JUPITER, Fla. -- Jaime Garcia will travel back to St. Louis on Sunday to have an MRI on his left shoulder, which began to bother him again this week during his bullpen sessions. Even if the MRI comes back clean, this setback likely won't leave Garcia enough time to get himself ready by the first week of the regular season.
That means an eight-man competition for five starting spots has, for the time being, been reduced to seven.
"I think all of us have been around this enough to know that [injuries happen], and it shouldn't completely devastate you," manager Mike Matheny said. "You need to have some contingency plans in place of what it might look like. ... We're fortunate that we've got plenty of guys ready to compete right now, and we'll just watch how they continue to progress."
The resurfacing shoulder discomfort is a discouraging development for Garcia, who reported to Spring Training relieved to be healthy again. After pitching through shoulder pain from 2012-13, Garcia chose to address the issue with season-ending surgery last May. He hoped that would allow him to come into this season uninhibited, and until this week, he was meeting each new challenge without a problem.
The surgery, which was performed by Cardinals team physician George Paletta, fixed a tear in Garcia's rotator cuff and labrum. Garcia began the throwing portion of his rehab process late in the season and was actually far enough along to throw batting practice in October. That allowed Garcia to follow a normal offseason program.
Garcia had thrown three bullpen sessions since the start of Spring Training and was scheduled for a fourth on Saturday. That was postponed indefinitely when Garcia alerted the medical staff to the discomfort.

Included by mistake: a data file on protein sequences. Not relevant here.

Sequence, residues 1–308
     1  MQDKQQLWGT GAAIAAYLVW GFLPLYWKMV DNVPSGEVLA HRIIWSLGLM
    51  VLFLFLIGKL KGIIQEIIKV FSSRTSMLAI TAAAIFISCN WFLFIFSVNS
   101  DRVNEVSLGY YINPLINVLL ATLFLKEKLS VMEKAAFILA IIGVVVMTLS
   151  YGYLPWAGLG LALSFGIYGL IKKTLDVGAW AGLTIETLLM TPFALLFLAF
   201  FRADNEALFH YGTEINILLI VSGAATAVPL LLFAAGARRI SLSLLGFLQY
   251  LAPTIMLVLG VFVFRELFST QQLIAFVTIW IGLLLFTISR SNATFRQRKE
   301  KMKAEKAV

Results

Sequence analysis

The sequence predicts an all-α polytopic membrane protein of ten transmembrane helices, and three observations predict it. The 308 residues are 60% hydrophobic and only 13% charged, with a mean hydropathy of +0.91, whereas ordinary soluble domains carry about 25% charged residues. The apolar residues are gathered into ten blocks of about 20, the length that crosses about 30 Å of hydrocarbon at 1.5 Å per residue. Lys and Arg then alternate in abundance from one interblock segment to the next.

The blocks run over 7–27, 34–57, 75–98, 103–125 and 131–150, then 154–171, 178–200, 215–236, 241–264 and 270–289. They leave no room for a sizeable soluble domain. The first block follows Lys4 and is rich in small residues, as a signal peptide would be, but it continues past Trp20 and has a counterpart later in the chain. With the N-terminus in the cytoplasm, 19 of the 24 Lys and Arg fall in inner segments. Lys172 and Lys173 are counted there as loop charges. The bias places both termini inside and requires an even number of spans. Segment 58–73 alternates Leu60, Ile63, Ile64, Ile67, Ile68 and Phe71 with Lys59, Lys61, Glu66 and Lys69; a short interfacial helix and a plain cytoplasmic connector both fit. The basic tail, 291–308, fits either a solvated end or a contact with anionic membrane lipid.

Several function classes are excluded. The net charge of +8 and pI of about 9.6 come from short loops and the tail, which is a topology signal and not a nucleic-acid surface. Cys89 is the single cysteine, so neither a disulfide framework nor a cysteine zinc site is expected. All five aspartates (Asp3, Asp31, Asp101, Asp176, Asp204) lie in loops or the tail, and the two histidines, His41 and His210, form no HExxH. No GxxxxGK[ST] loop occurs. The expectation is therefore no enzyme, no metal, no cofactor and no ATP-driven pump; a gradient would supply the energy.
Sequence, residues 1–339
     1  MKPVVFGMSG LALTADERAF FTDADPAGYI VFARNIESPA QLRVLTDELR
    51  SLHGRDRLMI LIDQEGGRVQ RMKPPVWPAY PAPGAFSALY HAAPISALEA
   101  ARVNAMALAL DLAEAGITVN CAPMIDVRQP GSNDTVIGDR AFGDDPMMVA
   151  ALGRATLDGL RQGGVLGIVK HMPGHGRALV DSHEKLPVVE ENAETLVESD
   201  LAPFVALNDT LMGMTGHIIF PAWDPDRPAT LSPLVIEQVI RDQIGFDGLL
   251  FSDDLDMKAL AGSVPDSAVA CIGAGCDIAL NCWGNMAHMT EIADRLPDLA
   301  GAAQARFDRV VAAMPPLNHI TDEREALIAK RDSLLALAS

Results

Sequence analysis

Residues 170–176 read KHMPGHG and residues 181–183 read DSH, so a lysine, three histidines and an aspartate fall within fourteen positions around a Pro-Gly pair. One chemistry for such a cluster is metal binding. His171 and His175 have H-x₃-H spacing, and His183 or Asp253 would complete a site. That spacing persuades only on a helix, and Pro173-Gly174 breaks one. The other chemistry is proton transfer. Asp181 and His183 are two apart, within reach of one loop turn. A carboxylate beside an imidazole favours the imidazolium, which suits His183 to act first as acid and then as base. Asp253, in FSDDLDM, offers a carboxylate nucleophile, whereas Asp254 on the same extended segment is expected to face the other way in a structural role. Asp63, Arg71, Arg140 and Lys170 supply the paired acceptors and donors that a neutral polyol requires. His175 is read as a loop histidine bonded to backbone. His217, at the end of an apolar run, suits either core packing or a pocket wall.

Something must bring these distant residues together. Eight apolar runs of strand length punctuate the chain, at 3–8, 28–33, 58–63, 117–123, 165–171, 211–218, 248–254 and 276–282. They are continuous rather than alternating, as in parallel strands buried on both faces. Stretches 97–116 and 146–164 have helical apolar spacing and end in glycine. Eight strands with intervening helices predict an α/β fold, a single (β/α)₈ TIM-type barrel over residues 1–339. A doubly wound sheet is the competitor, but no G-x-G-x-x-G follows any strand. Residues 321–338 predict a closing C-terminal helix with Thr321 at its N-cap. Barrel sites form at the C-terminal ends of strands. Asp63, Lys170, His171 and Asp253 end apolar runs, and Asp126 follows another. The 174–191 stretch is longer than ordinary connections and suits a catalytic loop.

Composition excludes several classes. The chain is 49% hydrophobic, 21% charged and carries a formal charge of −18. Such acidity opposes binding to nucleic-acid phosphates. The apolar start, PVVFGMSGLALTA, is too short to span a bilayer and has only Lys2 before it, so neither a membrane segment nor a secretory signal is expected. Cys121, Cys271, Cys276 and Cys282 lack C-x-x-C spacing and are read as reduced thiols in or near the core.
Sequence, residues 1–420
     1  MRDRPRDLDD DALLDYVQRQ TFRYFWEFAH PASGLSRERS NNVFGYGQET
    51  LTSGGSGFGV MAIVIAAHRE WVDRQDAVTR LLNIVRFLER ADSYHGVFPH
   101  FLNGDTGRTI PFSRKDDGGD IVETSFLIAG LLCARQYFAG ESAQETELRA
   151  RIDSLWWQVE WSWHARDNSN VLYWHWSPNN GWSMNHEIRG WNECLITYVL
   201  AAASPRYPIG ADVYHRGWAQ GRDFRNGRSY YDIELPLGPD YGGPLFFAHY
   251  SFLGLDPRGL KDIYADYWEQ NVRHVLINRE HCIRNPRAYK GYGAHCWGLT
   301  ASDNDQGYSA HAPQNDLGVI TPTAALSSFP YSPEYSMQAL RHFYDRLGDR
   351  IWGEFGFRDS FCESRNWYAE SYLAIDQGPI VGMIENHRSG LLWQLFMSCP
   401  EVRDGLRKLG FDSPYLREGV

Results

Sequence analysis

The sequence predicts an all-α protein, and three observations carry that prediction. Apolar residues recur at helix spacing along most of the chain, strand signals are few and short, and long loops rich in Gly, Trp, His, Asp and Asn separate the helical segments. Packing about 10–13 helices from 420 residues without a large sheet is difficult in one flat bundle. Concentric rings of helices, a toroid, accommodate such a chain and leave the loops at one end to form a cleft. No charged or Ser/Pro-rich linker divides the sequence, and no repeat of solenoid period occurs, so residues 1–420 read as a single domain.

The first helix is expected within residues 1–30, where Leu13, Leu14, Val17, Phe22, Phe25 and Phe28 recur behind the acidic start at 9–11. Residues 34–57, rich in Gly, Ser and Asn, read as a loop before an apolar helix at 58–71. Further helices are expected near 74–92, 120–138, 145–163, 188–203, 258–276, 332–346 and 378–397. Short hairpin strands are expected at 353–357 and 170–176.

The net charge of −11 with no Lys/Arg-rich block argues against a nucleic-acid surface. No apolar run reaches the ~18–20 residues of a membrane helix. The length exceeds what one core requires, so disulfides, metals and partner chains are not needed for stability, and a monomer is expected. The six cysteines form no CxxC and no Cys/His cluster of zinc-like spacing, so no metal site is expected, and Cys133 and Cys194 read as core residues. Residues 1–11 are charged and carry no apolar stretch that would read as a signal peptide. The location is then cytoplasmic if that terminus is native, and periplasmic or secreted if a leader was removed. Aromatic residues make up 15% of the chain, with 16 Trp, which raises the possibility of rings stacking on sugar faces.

"It's just been something where he hasn't felt quite right the last 48 hours," general manager John Mozeliak said. "From a medical standpoint, no one thought it was that serious. But it wasn't improving. And given how early it is in camp, there's no reason to try and work through something if it might be something larger. We think it's just better to get some resolution and have him seen back in St. Louis."
The Cardinals expect to publicly announce the results of the exam on Monday afternoon.
"I know if I was in that spot, I'd want to get looked at," Matheny said. "I'd just like to get some answers from the medical team and then after that, figure out what it looks like."
Asked if he had a gut feeling on what Paletta may find, Mozeliak said: "I feel like it's always best to react once you sort of know all the facts."
The Cardinals, who have lost a key member of their pitching staff each of the past three Spring Trainings, are seemingly set up as well as one could hope to handle Garcia's absence. Adam Wainwright remains the ace of the rotation, and some four-man combination of Lance Lynn, Shelby Miller, Michael Wacha, Joe Kelly, Carlos Martinez and Tyler Lyons will follow him.
The Cardinals were intentional about retaining their young pitching this winter so that they could boast such depth. Now, it's moving from a luxury to a necessity.
"Obviously, when you think about all the talk and banter about how much pitching we have, it certainly shows you that you might not have enough," Mozeliak said. "It definitely helps to have that depth to tap into."
Lyons is the only lefty in that bunch, though Matheny said it is not imperative that the season open with a southpaw in the rotation. The Cardinals pitched most of the second half of last season with a rotation of right-handers.
That's not to say, though, that the Cardinals were not excited to get Garcia back into the mix. He was a third-place finisher in the National League Rookie of the Year vote in 2010 after going 13-8 with a 2.70 ERA. He won 13 games again in '11, while posting a 3.56 ERA in 32 starts. Even when compromised by shoulder issues in the following two seasons, Garcia had a respectable 3.81 ERA in 29 games.
Garcia's setback does not solely affect the starting rotation competition, either; it will also alter the bullpen complexion. The Cardinals anticipated bumping as many as two starters into relief roles once the rotation was set. Now, there may be just one such move.
Jenifer Langosch is a reporter for MLB.com. Read her blog, By Gosh, It's Langosch, and follow her on Twitter @LangoschMLB. This story was not subject to the approval of Major League Baseball or its clubs.Less